In the UK, we're used to seeing robins pretty much everywhere throughout the year, but what does a baby robin look like? (also referred to as Juvenile Robins).
It's a common misconception that female robins don't have red breasts when they do. They are pretty much identical to male robins, and it can be almost impossible to tell them apart.
If you happen to see a robin lacking a red breast, you'll be looking at a juvenile robin.
Baby Robins look similar to adults, but the main difference is the lack of a red bib. They have spotted brown bodies and heads, and their underparts are lighter compared to older birds.
Robin chicks are born altrical (undeveloped), and because of this need feeding and caring by their parents. Their eyes are closed from hatching until about 5 days of age, where they will start opening, before fully opening at usually 8 days old. They are also born without any feathers and will mainly be a pink colour, it takes around 3 days for the feathers to start showing - although it'll take around 10 days for the body to be mostly covered in feathers.
A baby / juvenile robin
Robin feeding its young in nest
Recently fledged robins are similar sizes to adult birds, and the only real way to tell the difference is generally the lack of the red bib.
There is insufficient data on the actual weight and body length of juveniles.
There is no specific term given for baby robins and instead follow the typical naming conventions of other baby birds:
It varies on whereabouts in the world the population is, but in the UK, the breeding season runs usually from early April all the way through to mid-June. In parts of central Europe, it's usually from mid-May, and in other ranges, they can be born all the way through to July.
Robins usually lay clutches of between 4-7 eggs on average. It's not uncommon for robins to have up to three clutches a year, however, two clutches is the most common.
Robin eggs are mainly whitish but can be a bluish-white colour with small reddish spots on. The eggs are 20 x 15 mm and weigh around 2.4g (6% of this weight is shell).
European Robin nest with eggs
Robin eggs are incubated for between 12 and 21 days before hatching, but the average is around 14 days.
Once the chicks have hatched, the female will immediately remove the egg shells from the nest. Occasionally, the egg shells may be consumed for extra calcium.
The short answer to this is it depends. If a successful brood has been produced and raised, robins may use the same location for nesting for the next, however, they will mainly build a nest on top of the old one and remove any unwanted material.
The best advice is to leave any nests you find alone during the breeding season, as robins are highly sensitive and may not return to their nesting spots if they feel like it has been disturbed or intruded on.
If the nests have been built in nest boxes, then cleaning them in October is usually a good idea as they are generally done with them by then.
It's usually between 14 and 16 days after hatching that robins will fledge from their nests. After leaving the nest, they will stay nearby with their parents for up to three weeks.
In May, these juvenile birds will move away from their natal sites but rarely move more than a few miles/kilometres.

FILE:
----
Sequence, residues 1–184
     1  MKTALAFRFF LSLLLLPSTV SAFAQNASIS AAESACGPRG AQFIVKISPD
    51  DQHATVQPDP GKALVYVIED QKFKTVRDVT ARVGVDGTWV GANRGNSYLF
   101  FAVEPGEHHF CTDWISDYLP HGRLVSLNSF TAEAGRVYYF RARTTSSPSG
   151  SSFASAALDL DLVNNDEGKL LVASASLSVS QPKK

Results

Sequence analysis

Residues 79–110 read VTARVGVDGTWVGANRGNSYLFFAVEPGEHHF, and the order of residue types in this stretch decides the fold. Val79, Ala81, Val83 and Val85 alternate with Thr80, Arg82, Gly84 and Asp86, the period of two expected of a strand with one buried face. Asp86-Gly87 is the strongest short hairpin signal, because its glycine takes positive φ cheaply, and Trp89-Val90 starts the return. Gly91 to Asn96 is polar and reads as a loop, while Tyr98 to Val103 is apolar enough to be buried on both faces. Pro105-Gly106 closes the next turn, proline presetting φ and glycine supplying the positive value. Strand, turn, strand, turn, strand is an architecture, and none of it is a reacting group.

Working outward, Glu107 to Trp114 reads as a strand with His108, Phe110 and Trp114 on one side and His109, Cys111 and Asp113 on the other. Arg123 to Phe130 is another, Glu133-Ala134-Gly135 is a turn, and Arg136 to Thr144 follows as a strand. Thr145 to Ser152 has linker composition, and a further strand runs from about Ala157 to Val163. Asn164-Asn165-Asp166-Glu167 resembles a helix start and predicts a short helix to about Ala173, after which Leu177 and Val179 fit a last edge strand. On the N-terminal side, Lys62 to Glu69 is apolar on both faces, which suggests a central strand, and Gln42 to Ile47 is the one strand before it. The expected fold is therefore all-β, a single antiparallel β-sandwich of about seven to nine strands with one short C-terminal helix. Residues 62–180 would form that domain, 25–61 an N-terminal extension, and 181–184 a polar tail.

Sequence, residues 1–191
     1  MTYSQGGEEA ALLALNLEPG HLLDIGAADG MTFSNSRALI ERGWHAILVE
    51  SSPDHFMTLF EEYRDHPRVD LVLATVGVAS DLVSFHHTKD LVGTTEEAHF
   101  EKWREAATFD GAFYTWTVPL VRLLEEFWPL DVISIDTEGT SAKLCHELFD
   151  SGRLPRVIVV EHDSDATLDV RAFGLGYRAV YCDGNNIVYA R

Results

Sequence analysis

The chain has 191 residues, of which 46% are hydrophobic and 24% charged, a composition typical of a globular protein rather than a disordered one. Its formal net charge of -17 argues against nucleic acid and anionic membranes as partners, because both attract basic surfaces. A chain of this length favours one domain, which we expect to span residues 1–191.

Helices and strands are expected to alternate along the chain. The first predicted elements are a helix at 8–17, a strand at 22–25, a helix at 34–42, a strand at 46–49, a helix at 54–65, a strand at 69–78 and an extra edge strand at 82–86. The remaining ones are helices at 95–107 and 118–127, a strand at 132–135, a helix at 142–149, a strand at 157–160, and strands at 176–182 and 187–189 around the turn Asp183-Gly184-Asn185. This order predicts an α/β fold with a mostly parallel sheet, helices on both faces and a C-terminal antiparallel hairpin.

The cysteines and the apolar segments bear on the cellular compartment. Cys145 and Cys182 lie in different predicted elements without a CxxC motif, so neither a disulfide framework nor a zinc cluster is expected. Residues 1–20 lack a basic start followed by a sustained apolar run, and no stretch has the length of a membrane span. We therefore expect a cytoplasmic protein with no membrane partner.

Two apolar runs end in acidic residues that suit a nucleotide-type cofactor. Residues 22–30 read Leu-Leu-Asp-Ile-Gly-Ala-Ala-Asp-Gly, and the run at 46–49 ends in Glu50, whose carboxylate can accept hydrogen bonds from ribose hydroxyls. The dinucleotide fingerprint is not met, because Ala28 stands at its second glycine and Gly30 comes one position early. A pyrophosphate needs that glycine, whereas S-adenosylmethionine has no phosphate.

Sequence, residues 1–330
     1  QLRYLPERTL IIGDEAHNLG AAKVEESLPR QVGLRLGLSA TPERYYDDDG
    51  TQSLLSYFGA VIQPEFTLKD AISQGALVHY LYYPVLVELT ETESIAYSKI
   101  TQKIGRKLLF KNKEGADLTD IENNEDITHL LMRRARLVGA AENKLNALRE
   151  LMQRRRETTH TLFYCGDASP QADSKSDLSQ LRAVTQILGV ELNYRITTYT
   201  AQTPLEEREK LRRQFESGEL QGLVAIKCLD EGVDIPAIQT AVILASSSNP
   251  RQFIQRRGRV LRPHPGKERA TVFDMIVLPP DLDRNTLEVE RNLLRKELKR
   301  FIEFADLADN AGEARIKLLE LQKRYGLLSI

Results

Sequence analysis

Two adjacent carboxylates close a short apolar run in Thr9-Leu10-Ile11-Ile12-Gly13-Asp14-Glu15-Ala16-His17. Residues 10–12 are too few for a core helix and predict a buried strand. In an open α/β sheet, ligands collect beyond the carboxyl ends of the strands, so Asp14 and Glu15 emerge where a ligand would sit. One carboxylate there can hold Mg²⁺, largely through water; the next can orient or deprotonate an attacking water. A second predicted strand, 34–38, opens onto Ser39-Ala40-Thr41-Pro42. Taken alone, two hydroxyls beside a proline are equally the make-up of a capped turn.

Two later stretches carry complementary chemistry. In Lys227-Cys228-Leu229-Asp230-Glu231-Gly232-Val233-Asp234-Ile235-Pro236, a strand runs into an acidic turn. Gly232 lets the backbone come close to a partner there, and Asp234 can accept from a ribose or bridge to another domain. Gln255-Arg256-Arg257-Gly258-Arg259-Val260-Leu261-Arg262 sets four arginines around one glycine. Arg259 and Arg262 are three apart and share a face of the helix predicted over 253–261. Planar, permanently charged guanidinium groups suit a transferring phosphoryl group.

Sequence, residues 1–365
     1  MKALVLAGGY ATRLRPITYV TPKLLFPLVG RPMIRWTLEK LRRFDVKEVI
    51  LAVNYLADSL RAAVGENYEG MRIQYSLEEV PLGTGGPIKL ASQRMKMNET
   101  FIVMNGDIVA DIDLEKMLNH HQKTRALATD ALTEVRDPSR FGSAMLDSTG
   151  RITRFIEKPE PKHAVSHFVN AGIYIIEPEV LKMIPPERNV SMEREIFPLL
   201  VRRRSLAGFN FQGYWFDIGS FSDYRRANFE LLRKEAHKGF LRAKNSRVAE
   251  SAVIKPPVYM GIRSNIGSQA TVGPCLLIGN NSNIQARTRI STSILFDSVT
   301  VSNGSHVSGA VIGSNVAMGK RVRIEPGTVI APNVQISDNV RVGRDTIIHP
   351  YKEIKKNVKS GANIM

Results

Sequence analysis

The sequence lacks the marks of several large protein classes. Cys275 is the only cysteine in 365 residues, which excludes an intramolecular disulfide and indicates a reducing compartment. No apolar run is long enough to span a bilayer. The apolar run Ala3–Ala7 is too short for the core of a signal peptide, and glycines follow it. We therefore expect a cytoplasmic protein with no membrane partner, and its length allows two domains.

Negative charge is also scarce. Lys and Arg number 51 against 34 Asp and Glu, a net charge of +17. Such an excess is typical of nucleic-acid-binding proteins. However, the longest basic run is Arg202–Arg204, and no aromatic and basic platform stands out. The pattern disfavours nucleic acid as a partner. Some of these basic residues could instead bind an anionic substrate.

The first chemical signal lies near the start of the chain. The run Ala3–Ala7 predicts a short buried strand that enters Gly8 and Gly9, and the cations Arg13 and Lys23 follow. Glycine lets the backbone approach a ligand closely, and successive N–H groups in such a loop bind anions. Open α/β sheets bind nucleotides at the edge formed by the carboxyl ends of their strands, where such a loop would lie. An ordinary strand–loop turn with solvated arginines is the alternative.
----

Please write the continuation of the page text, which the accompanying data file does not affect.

A juvenile robin being fed by an adult
It won't be until the late summer months, usually when the birds are between 2 and 3 months old until the juvenile robins get their red breasts. This happens because a partial moult means they lose their speckled feathers.
However, before this, they still share the same round shape, long legs and head postures as their adult counterparts. This is why there is confusion surrounding if all robins have red breasts.
Robins are born without red breasts to avoid territorial clashes with other robins. Clashes of territory are the reason for up to 10 percent of deaths in adult robins in some populations.
In the first few days, baby robins will mostly have a diet of regurgitated foods from adult birds. As robins are omnivorous, this can include a whole range of things. Their diets are mainly a mixture of invertebrates, seeds and fruit. After they get a bit older, bigger chunks of food can be given to the chicks - who become more demanding a few days older.
Robins are extremely intelligent when it comes to picking a nest site, as they'll generally only nest where the food supply is plentiful, meaning that when the chicks hatch, there's no shortage of food.
Nests are constructed by the female birds, whilst the male defends the territory. The nests are built in many different places including low undergrowth, grass banks, hedges, walls, rock faces, tree cavity and nest boxes. The main requirement is somewhere low down - usually under 5 metres, and in a confined and secure location.
The nests are built out of a mixture of moss, twigs, leaves and grasses and are cup-shaped. They are usually lined with fine grass and hair.
Robin sitting on nest incubating eggs
Out of all the feathers to grow, the flight feathers are the last. Once a baby robin fledges the nest after around 14 days, they are usually unable to fly straight the way and can take a couple more days to do so. During these first few days outside of the nest, you may see fledgling robins hopping about and practising their flight with short efforts.
Once young robins have fledged the nest, they will stay with their parents for up to three weeks. During this time, the fledged young will mostly be taken care of by the male birds - this is because the female will start preparation for the next brood.
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